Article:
75 years after the liberation of Auschwitz, three survivors tell their stories

Holocaust survivor Vera Grossman Kriegel, 81, shows an image of herself as a child after the liberation of Auschwitz during an interview with Reuters in Oranit, in the Israeli-occupied West Bank January 12, 2020. Picture taken January 12, 2020. (REUTERS/Nir Elias)

JERUSALEM (Reuters) - A strip of skin tattooed with the Auschwitz death camp number 99288 sits in a silver frame on a shelf in Avraham Harshalom's living room. It is his prisoner number, etched on to his forearm in 1943.

As the 75th anniversary of the camp's liberation on Jan 27, 1945, nears, Harshalom, 95, is very clear about why he kept it.

"For history. To tell it to the next generations," he said. "In Auschwitz nobody knew names. The German SS (officer), when he was talking to you, he was talking to a number."

Holocaust survivor Avraham Harshalom, 95, looks at a photograph of himself as a young man during an interview with Reuters at his home in Ramat Gan, Israel December 24, 2019. (REUTERS/Nir Elias)

Harshalom is one of some 200,000 Holocaust survivors living in Israel today. But with every passing year, fewer remain to provide first-hand testimony to the atrocities committed by the Nazis in World War Two.

Six million Jews were killed in the Holocaust.

"The Second World War is no longer a family story that you hear at home. For many it has become a history textbook story," said Pawel Sawicki, press officer at the Auschwitz Memorial, at the site of the camp built in Nazi-occupied Poland. "The biggest challenge is how to tell this story in a way relevant to them today and in the future."

More than a million people, nearly all of them Jews, died at Auschwitz, whose name has become synonymous with the industrial-scale killings carried out at the Nazi death camps.

Harshalom, who was born in a small Polish village, was 17 when he arrived at Auschwitz. Harshalom, born Avraham Frydberg, was selected by the SS for work at the camp. It saved his life: those deemed unfit for labor were sent to immediate death in the camp's gas chambers. Among those killed were his parents and his brother.

Holocaust survivor Avraham Harshalom, 95, shows a framed and displayed strip of his skin tattooed with the Auschwitz death camp number during an interview with Reuters at his home in Ramat Gan, Israel December 24, 2019. (REUTERS/Nir Elias)

Harshalom had his tattoo removed soon after moving to the newly-founded state of Israel in 1949, where he started a family and built a career as a businessman. In the years immediately following the war the tattoo kept inviting questions; people simply didn't know what it meant, even in Israel, he said.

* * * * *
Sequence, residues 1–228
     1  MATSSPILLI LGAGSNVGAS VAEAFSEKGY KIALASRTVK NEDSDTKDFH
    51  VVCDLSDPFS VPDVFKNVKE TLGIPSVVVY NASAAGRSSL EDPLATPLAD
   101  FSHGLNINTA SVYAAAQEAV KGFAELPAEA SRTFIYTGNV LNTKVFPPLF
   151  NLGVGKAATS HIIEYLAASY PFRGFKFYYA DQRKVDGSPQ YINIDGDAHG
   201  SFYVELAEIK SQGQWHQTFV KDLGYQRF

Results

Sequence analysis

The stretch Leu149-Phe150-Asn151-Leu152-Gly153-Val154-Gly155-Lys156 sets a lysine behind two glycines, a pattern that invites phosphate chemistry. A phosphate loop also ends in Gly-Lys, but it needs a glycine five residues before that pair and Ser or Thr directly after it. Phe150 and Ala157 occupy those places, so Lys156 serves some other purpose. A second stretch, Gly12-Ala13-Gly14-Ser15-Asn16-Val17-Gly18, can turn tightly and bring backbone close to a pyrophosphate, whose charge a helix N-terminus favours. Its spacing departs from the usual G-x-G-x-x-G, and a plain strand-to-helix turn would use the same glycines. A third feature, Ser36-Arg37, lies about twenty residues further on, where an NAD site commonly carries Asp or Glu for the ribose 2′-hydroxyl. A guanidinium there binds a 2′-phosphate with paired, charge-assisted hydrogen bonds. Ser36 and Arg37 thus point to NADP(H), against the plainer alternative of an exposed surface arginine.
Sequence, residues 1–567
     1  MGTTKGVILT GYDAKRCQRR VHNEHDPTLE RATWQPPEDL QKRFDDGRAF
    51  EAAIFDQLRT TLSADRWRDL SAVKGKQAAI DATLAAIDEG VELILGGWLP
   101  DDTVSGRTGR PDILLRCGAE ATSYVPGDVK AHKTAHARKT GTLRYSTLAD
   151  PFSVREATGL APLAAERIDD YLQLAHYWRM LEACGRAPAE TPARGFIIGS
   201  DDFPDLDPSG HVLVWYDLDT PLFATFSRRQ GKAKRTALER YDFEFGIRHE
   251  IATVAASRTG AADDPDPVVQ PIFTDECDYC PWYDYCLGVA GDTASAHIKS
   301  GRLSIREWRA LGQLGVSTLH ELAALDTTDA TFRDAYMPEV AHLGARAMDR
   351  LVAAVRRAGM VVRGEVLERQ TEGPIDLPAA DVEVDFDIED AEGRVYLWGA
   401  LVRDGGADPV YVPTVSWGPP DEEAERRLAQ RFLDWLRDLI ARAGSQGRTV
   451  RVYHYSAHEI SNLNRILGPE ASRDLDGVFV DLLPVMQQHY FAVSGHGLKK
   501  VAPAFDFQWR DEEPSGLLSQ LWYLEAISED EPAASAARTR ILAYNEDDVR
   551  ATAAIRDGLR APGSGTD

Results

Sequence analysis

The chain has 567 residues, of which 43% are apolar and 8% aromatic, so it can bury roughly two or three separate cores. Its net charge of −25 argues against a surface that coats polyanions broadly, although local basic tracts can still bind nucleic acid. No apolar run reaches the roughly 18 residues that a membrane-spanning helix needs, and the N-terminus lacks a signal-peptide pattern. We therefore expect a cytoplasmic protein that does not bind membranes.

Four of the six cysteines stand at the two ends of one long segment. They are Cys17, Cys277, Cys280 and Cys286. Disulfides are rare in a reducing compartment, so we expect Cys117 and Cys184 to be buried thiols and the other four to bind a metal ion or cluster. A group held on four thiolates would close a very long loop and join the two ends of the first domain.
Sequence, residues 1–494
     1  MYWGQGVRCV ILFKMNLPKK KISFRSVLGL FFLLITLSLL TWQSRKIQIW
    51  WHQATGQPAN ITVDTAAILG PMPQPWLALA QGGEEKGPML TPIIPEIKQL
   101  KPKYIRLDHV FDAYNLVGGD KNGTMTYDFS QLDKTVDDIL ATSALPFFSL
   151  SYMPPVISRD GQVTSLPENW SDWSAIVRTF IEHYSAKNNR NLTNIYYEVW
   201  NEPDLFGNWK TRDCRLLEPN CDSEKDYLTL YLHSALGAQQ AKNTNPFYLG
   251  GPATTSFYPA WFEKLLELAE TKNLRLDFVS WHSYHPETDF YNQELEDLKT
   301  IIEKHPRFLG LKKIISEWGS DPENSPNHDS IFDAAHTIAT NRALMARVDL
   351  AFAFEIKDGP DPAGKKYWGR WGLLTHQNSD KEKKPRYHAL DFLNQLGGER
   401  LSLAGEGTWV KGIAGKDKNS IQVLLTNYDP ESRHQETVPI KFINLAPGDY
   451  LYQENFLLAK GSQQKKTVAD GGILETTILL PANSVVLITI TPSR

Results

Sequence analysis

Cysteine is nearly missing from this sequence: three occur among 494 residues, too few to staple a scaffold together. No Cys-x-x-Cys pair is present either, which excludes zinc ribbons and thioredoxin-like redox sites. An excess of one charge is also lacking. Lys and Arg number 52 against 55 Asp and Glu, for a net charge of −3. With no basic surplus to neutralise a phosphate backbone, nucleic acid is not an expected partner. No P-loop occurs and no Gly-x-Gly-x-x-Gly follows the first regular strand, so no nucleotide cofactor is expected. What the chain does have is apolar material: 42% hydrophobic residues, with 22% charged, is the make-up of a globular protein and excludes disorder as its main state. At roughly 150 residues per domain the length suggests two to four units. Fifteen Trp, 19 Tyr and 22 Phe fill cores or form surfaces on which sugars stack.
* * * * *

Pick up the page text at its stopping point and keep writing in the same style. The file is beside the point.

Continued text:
"At first, say 20 years after the war, all Holocaust survivors and especially prisoners of Auschwitz were not talking at all (of their experiences)," he said. "We were not talking because people didn't believe ... that what we are telling is true."


Artemis Meron, from a small Jewish community in Greece, was 15 when in 1944 she was transported to Auschwitz with her mother and nine-year-old brother. She and other Jews rounded up in Greece were packed by the hundreds into freight carts with hardly any room to move. One bucket held water to drink, another served as the only toilet. Many died on the journey, their bodies slung into one of the train-cars.

Upon arrival at Auschwitz they were lined up into rows - young men on one side and young women on the other. In the middle the elderly, mothers and children were shoved into military vehicles.

Inmates are seen lying on bunks in a barrack at Nazi German death camp Auschwitz-Birkenau after its liberation in 1945 in Nazi-occupied Poland, in this undated handout picture obtained by Reuters on January 19, 2020. (Courtesy of Yad Vashem Archives/Handout via REUTERS)

"We wanted to stay together. We held each other tight. It was snowing heavily and my mother gave me her black fur coat, so I must have looked older than I was," Meron said.

She was singled out for labor. As they headed to the vehicles, an SS guard struck her down, separating her from her family.

"He put my brother and mother into the vehicle, shut it and off it drove. I didn't have time to say goodbye," she recalled, her eyes filling with tears.

"I hoped we'd see each other later in the evening. What was I to think? That all those put in the vehicles were taken that evening to the gas chambers, to the crematorium? We knew nothing," she said.

"The worst was when we heard the rumors ... and then we knew the truth. We were told 'don't you see the smoke rising up?'"


Another Auschwitz survivor, Vera Grossman Kriegel, 81, said she was pained by the rise of anti-Semitism in recent years and feared that history might repeat itself.

"It can happen anywhere," she said. "Hate is born of ignorance. No one is learning from the past, no one wants to learn."

A Soviet military doctor examines Holocaust survivors after the liberation of the Nazi German death camp Auschwitz-Birkenau in Nazi-occupied Poland, in this undated handout picture obtained by Reuters on January 19, 2020. (Courtesy of Yad Vashem Archives/Handout via REUTERS)

Aged six, Vera and her twin sister were subjected to the pseudo-medical experiments of doctor Josef Mengele, who used prisoners at Auschwitz as research subjects, earning him the name "Angel of Death".

Vera and her sister were two of the few children to survive his cruelty. She tells of how she was kept naked in a cage, given painful injections directly into her spine, and beaten if she cried as she saw many other children suffer and die.

"Why did I stay alive? It was for a reason. Did I stay alive to keep silent? No - to tell."

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